• G06T2207/10Image acquisition modality
    • G06T2207/10004Still image; Photographic image
    • G06T2207/10008Still image; Photographic image from scanner, fax or copier
    • GPHYSICS
    • G06COMPUTING; CALCULATING; COUNTING
    • G06TIMAGE DATA PROCESSING OR GENERATION, IN GENERAL
    • G06T2207/00Indexing scheme for image analysis or image enhancement
    • G06T2207/30Subject of image; Context of image processing
    • G06T2207/30108Industrial image inspection
    • G06T2207/30144Printing quality

Abstract

A method and system are described for use at a machine vision station to correctly identify flaws within a sample image by means of flexible template image comparison where the template image and a sample image suffer from a relative geometrical distortion. The method and system use the following iterative approach: 1) generate the template image; 2) register the sample image to the template image; 3) undertake an absolute image subtraction process; 4) identify all regions of image difference; 5) create sub-images of both the template and the sample images in the region of detected error; 6) repeat the registration step 2) using the sub-images; 7) undertake the absolute subtraction process on each of the sub-images; and 8) either identify the resulting differences as flaws or go to step 5) using even smaller sub-images. The invention has particular utility in the screen printing industry as well as other industries.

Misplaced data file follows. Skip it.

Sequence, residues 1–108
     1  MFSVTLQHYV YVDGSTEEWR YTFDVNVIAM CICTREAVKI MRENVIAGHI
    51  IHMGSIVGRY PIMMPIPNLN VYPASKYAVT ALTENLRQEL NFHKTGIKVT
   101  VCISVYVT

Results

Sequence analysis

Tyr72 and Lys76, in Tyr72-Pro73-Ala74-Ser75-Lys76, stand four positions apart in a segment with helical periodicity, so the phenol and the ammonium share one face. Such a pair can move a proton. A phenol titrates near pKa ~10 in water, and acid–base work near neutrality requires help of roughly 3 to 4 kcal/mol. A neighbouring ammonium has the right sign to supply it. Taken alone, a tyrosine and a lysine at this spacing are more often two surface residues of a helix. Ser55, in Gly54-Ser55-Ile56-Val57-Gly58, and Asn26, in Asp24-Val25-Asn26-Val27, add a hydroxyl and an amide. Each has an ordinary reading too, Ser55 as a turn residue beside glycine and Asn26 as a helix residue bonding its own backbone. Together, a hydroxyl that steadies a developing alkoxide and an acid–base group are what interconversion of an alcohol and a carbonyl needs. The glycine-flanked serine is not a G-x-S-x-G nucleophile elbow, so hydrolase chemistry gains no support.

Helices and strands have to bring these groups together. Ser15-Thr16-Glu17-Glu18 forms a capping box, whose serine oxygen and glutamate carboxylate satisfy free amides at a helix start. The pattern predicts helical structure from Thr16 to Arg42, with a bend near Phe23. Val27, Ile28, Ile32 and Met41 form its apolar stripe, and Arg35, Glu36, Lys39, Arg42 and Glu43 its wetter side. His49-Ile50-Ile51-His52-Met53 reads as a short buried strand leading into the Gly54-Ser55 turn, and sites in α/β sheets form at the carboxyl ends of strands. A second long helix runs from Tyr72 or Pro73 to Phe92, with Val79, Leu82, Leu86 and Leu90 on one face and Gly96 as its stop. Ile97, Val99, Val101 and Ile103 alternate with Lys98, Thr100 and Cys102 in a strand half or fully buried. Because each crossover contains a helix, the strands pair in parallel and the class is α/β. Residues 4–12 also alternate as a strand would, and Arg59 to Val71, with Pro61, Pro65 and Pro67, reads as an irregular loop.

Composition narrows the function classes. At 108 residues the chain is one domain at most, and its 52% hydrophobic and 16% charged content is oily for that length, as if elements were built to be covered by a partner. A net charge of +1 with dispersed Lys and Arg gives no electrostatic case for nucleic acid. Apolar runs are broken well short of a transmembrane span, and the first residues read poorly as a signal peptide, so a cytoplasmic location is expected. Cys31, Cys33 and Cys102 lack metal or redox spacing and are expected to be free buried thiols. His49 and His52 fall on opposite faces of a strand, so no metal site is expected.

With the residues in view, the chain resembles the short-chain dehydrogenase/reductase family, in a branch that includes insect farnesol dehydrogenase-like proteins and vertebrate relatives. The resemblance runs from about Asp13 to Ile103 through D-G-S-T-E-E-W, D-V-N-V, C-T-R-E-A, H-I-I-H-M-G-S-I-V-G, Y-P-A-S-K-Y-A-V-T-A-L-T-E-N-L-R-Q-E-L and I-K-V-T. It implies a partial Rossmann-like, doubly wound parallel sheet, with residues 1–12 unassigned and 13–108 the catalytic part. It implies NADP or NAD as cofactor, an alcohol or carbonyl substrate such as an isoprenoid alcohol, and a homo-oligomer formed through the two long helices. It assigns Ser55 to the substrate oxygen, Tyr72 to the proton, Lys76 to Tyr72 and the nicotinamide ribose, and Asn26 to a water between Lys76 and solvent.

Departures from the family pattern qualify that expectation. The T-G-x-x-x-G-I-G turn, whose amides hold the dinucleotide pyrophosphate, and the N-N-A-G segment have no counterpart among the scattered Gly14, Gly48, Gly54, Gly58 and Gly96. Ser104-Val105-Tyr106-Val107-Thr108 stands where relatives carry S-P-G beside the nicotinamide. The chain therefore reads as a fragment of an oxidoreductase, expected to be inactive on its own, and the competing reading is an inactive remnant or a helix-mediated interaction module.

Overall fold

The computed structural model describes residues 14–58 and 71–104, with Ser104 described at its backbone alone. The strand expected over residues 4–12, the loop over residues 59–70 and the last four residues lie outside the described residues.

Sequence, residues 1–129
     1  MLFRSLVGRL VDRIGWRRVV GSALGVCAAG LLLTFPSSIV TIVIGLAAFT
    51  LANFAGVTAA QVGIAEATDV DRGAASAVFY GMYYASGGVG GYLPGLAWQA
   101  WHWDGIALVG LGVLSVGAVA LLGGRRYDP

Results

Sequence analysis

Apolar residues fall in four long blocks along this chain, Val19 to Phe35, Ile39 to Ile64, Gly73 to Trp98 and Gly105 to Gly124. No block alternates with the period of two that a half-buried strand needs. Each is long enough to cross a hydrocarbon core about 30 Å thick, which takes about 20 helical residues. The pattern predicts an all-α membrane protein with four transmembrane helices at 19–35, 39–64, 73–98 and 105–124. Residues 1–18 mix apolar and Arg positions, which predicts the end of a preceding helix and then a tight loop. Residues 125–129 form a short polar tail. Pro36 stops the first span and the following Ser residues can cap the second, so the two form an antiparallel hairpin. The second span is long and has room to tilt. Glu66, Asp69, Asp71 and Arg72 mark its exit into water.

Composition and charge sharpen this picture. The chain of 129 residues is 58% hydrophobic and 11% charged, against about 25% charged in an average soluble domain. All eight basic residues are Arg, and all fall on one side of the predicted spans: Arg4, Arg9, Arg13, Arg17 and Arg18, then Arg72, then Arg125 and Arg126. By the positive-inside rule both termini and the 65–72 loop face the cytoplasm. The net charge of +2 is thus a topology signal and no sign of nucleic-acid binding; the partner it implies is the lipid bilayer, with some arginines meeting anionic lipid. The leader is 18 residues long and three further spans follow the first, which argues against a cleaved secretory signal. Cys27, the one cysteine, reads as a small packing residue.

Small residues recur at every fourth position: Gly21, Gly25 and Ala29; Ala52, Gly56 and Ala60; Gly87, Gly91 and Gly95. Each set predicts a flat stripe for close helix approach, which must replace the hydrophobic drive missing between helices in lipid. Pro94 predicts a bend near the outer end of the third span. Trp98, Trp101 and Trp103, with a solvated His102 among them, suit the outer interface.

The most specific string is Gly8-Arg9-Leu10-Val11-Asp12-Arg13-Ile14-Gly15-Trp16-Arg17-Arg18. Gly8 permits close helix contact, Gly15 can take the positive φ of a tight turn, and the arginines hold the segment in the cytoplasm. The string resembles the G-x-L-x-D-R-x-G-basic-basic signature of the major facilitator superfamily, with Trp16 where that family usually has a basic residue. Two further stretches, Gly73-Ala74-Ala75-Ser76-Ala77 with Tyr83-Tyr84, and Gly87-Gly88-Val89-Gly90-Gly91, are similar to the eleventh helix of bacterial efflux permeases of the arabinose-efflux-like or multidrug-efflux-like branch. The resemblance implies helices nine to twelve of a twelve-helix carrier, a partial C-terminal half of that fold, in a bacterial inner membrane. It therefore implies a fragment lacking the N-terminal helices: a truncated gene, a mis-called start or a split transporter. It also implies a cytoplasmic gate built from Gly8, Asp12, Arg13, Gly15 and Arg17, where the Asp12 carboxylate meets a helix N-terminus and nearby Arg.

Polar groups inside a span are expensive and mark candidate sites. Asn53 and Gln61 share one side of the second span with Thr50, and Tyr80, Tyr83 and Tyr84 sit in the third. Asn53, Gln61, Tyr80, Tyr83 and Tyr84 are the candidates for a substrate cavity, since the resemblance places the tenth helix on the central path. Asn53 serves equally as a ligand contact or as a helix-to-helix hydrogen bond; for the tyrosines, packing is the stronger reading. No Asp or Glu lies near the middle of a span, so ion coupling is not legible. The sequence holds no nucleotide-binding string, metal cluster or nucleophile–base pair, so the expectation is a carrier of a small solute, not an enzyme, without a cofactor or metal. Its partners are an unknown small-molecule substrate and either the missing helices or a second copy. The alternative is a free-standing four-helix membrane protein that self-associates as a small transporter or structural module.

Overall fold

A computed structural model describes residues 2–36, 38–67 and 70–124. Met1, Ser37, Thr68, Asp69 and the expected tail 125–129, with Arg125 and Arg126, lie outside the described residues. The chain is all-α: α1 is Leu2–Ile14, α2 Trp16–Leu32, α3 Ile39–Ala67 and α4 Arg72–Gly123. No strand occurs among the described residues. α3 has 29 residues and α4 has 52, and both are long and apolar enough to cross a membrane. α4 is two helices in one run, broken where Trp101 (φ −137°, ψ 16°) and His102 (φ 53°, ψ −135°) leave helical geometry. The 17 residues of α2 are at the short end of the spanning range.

Description

TECHNICAL FIELD

This invention relates to methods and systems for detecting a flaw in a sample image and, in particular, to interactive methods and systems for detecting a flaw in a sample image.

BACKGROUND ART

Relative geometric distortion is typically caused by differential stretching and twisting of screens of a screen printer being used to print an image. For purposes of this application, a flaw consists of an area of the image consisting of the wrong grey level, which cannot be accounted for by means of the relative geometrical distortion. A much exaggerated demonstration of such a distortion is shown in the image of FIG. 1.

Referring now to FIG. 2, the type of flaws that need to be detected include a pigment splash 10, a pigment bridge 12, a pinhole 13, a pigment overrun 14, and a missing pigment.

Techniques which are able to detect flaws such as those described above have been known for a considerable period of time. However, these techniques, such as those described in U.S. Pat. No. 5,640,200 entitled “Golden Template Comparison Using Efficient Image Registration” are only capable of working where there is an effectively constant geometric relationship existing between the template image and the sample image.